A Chapter 7 bankruptcy involves the liquidation of certain assets of the individual debtor, and creditors are paid off with the proceeds. Pennsylvania residents would file a petition for bankruptcy in a bankruptcy court closest to them. The filing fee is $245, and there is also a $75 administrative fee and a $15 trustee fee. These fees are normally due at the time of filing, but the court may give permission for the filer to pay in installments ending no later than 120 days after the petition is filed. Fees may be waived if the filer's income is less than 150 percent of the poverty level.
When an individual files a petition for Chapter 7 bankruptcy, he or she would also provide to the court a statement of income and spending, a list of assets and liabilities, the most recent tax return and other tax returns that may be filed during the proceeding, proof of financial status and a list of contracts and leases. Spouses who are both filing for bankruptcy must each provide the necessary documents. If the reason for bankruptcy is primarily consumer debt, they must also provide proof of completion of credit counseling as well.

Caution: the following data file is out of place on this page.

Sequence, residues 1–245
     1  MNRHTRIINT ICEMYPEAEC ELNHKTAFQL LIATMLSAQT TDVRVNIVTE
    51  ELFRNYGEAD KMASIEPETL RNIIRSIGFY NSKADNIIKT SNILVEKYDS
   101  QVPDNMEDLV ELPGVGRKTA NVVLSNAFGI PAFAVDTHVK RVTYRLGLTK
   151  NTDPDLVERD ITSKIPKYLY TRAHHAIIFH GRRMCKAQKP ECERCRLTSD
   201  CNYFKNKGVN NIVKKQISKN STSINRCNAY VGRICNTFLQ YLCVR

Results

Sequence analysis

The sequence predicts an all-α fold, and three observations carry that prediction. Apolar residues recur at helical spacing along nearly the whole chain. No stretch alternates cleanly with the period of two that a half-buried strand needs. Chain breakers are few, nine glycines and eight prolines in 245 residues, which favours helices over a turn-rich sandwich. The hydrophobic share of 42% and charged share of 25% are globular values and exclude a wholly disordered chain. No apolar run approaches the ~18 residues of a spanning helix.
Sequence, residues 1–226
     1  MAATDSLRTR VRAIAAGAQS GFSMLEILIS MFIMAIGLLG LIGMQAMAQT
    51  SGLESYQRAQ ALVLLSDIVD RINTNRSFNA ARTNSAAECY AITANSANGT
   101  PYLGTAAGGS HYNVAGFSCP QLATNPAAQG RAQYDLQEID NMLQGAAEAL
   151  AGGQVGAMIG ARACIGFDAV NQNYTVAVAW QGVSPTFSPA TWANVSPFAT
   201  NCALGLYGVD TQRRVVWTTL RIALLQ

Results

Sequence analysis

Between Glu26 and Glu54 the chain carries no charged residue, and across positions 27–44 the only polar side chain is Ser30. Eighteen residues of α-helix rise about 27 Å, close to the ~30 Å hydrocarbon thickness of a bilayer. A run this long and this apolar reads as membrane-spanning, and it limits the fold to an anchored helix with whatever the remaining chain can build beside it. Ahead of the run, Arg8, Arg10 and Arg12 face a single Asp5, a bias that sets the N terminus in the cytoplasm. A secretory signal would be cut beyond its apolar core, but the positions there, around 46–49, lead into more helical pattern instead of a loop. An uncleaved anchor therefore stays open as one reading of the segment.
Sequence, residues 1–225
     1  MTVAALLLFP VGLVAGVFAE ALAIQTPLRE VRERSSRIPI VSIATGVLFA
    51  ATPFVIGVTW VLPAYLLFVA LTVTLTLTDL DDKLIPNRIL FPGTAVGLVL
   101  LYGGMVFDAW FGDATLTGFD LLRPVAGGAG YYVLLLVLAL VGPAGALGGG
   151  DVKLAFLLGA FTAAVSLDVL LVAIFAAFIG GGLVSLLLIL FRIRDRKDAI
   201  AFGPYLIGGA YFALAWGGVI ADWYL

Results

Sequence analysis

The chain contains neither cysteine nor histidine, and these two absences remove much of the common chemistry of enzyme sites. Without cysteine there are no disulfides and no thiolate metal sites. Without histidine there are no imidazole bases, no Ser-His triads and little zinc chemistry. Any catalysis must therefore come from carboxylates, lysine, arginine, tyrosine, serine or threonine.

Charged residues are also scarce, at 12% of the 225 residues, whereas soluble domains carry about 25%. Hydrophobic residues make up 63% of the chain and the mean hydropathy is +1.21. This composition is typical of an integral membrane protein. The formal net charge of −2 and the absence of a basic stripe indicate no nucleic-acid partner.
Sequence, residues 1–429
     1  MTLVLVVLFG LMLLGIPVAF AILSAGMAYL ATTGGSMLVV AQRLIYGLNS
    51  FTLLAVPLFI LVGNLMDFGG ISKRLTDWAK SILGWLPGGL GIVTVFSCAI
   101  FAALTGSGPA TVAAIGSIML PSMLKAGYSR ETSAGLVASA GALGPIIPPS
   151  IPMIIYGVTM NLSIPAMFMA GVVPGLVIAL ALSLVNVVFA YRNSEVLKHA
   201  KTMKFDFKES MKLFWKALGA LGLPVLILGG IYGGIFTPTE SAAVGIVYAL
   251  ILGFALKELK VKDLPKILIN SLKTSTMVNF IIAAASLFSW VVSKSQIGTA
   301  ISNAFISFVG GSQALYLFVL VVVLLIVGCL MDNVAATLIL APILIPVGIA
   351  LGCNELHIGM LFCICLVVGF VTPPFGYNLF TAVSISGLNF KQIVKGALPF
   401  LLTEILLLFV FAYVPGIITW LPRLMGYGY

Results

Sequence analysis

Once the bankruptcy petition is filed, most collection actions must automatically stop. The court will assign a trustee to the case, who will hold a meeting between the debtor and the creditors between 21 and 40 days, but no more than 60 days, after the petition is filed. The debtor will answer questions from both the creditors and the trustee while under oath during this meeting. The trustee will determine if the case will continue.
A Chapter 7 bankruptcy will affect the filer's credit score for several years, but it also provides an opportunity for a fresh financial start. Because of the complicated process of a bankruptcy filing and each person's unique situation, it is advisable to consult with a bankruptcy law attorney before making such a major decision.
Source: U.S. Courts, "Liquidation Under the Bankruptcy Code", September 20, 2014